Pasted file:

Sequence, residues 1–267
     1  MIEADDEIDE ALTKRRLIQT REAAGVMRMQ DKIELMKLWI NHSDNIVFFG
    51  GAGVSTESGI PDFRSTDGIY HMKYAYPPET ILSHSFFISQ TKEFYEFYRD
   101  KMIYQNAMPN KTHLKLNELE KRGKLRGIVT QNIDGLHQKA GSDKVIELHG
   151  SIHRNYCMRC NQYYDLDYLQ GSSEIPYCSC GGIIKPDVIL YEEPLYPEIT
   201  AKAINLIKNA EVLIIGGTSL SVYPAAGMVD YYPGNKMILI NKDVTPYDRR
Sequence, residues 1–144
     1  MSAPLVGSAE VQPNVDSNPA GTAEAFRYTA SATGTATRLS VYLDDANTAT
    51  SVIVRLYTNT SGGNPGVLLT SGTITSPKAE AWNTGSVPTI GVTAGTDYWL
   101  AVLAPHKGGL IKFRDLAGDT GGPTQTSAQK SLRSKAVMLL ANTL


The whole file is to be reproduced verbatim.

Sequence, residues 1–267
     1  MIEADDEIDE ALTKRRLIQT REAAGVMRMQ DKIELMKLWI NHSDNIVFFG
    51  GAGVSTESGI PDFRSTDGIY HMKYAYPPET ILSHSFFISQ TKEFYEFYRD
   101  KMIYQNAMPN KTHLKLNELE KRGKLRGIVT QNIDGLHQKA GSDKVIELHG
   151  SIHRNYCMRC NQYYDLDYLQ GSSEIPYCSC GGIIKPDVIL YEEPLYPEIT
   201  AKAINLIKNA EVLIIGGTSL SVYPAAGMVD YYPGNKMILI NKDVTPYDRR
Sequence, residues 1–144
     1  MSAPLVGSAE VQPNVDSNPA GTAEAFRYTA SATGTATRLS VYLDDANTAT
    51  SVIVRLYTNT SGGNPGVLLT SGTITSPKAE AWNTGSVPTI GVTAGTDYWL
   101  AVLAPHKGGL IKFRDLAGDT GGPTQTSAQK SLRSKAVMLL ANTL